Bill on governor's desk would slash a third of the money from a Texas program to lower vehicle emissions

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The Texas Emissions Reduction plan provides grants to swap out older, high-emission engines. - UNSPLASH / COLE FREEMAN
  • Unsplash / Cole Freeman
  • The Texas Emissions Reduction plan provides grants to swap out older, high-emission engines.
Under a bill Texas Gov. Abbott is expected to sign, more than a third of funds dedicated to a state program aimed at lowering automobile emissions would instead be funneled into building new roads.

Passed during the recently completed legislative session, House Bill 4472 would redirect “not less than 35 percent” from the Texas Emissions Reduction Plan, which offers $270 million spent annually for grants to swap out older, high-emission vehicle engines.



Instead, the money would go to the Texas Department of Transportation for “congestion mitigation" — Texas shorthand for building more roads. Advocates for more highway spending say it reduces congestion. However, studies show that over the longer term, new and expanded roads lead to more traffic and pollution, environmentalists point out.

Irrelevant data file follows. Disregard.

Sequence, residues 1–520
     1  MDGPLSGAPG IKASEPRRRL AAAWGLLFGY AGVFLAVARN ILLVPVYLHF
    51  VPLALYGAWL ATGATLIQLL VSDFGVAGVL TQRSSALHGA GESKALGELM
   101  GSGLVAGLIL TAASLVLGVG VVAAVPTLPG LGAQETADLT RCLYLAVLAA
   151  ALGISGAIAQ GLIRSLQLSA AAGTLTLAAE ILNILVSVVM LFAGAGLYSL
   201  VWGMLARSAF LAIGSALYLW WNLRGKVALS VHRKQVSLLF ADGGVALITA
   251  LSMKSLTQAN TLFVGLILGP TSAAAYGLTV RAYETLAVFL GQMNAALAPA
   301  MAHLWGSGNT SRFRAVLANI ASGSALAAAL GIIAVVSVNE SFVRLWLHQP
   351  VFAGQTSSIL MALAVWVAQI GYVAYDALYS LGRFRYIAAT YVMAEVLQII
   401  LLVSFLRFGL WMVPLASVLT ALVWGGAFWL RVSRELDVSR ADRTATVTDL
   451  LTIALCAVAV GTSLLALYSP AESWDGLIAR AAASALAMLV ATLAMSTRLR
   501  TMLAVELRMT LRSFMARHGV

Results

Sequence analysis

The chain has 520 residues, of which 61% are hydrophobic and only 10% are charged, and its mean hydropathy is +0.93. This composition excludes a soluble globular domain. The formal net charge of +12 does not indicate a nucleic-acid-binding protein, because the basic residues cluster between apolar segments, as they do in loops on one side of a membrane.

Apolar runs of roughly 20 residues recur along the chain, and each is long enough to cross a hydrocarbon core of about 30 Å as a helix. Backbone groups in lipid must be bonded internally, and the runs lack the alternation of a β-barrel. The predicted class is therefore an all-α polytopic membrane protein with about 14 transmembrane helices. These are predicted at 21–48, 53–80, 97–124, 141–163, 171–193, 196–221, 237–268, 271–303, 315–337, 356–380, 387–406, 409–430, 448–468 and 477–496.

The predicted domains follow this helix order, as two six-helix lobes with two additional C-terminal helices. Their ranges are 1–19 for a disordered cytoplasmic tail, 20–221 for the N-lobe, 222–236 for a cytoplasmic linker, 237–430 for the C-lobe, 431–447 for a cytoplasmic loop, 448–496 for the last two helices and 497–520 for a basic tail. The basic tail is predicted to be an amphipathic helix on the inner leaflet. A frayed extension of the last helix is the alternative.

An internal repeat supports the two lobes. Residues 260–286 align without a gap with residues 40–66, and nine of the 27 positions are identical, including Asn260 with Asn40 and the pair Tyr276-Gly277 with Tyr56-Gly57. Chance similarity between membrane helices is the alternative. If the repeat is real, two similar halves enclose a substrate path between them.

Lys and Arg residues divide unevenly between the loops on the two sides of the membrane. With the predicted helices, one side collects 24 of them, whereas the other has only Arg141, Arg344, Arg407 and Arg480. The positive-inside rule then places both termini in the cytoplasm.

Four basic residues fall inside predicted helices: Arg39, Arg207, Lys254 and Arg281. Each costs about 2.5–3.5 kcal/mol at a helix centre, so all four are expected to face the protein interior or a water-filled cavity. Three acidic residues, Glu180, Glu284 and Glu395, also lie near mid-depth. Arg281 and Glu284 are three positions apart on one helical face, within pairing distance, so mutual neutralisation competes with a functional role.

“Texas has a deadly air pollution problem, so it’s unconscionable that the legislature raided the clean air fund,” Environment Texas Executive Director Luke Metzger said in an emailed statement. “The legislature has largely refused to make industry and vehicle manufacturers reduce their pollution, choosing instead to provide grants to encourage companies to clean the air. But now they’ve gone another step further on the wrong path by defunding the state’s preferred air quality strategy.” 



Some 17,000 Texans die annually from air pollution, according to a recent Harvard University study.

The recently completed legislative session was marked by a flurry of Republican-backed bills aimed weakening clean energy and protecting the state's powerful fossil fuel lobby, Metzger said.

While some of those measures failed before the end of the session, the Lege managed to pass a bill that stops cities from blocking natural gas connections to new homes. It also approved legislation preventing the state from doing business with entities that "boycott energy companies."

“I’ve never seen so many major efforts to hamstring clean energy as I did this session,” Metzger said. “Fossil fuel proponents falsely blamed wind and solar power for the February blackouts and tried a number of ways to bankrupt renewable energy projects. It’s a significant victory that those bills were defeated and clean energy can continue its enormous rise.”

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